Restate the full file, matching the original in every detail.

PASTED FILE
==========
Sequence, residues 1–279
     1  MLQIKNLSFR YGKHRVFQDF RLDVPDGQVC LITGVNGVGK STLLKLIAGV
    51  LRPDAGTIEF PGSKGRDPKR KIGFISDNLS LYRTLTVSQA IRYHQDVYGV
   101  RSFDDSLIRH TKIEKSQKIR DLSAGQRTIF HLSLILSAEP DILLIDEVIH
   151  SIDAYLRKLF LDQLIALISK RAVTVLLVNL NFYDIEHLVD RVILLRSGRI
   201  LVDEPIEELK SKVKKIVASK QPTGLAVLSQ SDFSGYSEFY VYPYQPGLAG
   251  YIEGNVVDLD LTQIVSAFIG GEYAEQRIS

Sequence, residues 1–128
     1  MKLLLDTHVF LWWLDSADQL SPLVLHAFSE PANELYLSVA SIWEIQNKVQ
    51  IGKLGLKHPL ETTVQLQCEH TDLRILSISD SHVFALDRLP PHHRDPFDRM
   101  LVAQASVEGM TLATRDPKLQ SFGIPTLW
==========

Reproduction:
Sequence, residues 1–279
     1  MLQIKNLSFR YGKHRVFQDF RLDVPDGQVC LITGVNGVGK STLLKLIAGV
    51  LRPDAGTIEF PGSKGRDPKR KIGFISDNLS LYRTLTVSQA IRYHQDVYGV
   101  RSFDDSLIRH TKIEKSQKIR DLSAGQRTIF HLSLILSAEP DILLIDEVIH
   151  SIDAYLRKLF LDQLIALISK RAVTVLLVNL NFYDIEHLVD RVILLRSGRI
   201  LVDEPIEELK SKVKKIVASK QPTGLAVLSQ SDFSGYSEFY VYPYQPGLAG
   251  YIEGNVVDLD LTQIVSAFIG GEYAEQRIS

Sequence, residues 1–128
     1  MKLLLDTHVF LWWLDSADQL SPLVLHAFSE PANELYLSVA SIWEIQNKVQ
    51  IGKLGLKHPL ETTVQLQCEH TDLRILSISD SHVFALDRLP PHHRDPFDRM
   101  LVAQASVEGM TLATRDPKLQ SFGIPTLW